Here Krishna is standing on coiled body of the five-hooded cobra. Krishna’s knees are slightly bent, showing agility. Krishna is identified by the butter balls in his hands. In this form he is called Navneetha Krishna.

The coiled serpent is supported by a Bhadrapeetha.

Krishna’s plumpness, this case the ample pot-belly included, is attributed to his liking for butter. It is customary to offer butter to Krishna during ritual prayers. The concept of aesthetics seem to change over a period of time, even when it comes to deities. Modern Vigrahas of Krishna tend not to have such prominent belly.

Here Krishna is naked except for ornaments. It is not unusual to see Krishna in childhood forms with an adultlike face.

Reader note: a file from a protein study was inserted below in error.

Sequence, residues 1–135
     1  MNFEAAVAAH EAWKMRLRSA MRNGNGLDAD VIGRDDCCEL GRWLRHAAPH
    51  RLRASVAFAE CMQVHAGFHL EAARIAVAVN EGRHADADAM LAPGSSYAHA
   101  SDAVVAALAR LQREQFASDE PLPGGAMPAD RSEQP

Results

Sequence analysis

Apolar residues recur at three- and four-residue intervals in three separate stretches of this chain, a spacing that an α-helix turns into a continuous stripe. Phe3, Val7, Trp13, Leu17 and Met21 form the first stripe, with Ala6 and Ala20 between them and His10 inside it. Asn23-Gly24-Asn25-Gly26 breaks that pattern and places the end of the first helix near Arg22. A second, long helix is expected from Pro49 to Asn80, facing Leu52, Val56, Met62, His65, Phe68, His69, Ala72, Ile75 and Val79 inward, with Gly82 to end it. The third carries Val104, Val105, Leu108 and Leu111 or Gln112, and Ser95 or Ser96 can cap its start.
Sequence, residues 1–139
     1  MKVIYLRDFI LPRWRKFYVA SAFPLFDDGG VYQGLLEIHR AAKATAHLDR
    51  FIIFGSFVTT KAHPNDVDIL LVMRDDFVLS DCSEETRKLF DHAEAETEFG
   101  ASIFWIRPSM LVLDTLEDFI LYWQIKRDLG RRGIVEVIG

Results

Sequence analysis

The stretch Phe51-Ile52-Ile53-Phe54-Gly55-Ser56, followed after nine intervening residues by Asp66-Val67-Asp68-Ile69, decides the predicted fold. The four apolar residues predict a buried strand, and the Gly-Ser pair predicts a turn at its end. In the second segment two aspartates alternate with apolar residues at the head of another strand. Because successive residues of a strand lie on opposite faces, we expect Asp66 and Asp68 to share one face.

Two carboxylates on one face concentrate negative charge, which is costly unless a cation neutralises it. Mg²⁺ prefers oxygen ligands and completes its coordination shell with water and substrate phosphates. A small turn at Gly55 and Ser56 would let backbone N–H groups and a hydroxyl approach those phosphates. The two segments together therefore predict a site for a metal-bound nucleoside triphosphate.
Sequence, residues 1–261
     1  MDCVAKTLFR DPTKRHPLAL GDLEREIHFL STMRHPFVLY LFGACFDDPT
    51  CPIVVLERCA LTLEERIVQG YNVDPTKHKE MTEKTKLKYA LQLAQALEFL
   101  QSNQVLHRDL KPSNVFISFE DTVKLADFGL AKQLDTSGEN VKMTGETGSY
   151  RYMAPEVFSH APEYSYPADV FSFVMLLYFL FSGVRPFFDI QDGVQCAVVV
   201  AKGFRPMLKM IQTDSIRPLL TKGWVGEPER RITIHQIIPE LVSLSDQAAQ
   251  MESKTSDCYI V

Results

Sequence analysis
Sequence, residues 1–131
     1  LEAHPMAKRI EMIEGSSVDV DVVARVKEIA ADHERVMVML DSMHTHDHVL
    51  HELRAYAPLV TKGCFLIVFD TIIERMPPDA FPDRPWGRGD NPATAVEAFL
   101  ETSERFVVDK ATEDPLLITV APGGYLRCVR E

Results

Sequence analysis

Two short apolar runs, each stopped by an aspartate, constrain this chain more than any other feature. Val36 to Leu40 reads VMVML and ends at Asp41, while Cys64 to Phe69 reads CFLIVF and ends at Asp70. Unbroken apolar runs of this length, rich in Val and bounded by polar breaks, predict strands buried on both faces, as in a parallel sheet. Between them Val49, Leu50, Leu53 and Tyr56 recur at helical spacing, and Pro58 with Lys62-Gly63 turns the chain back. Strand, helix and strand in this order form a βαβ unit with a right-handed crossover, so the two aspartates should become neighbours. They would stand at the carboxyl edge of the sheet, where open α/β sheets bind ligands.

The features are worn, especially the face, adding to the warm glow and presence.

Navneetha  Krishna is rarer among Krishna’s form. This Vigraha is about 7 cm in height and the patina is deep. This probably dates to 18th century. The material, thin casting and the Peetha suggest this Vigraha is from Tamil Nadu.

Below is a comparison with a Vigraha in worship (our right) in Kukke Subramanya Matha.


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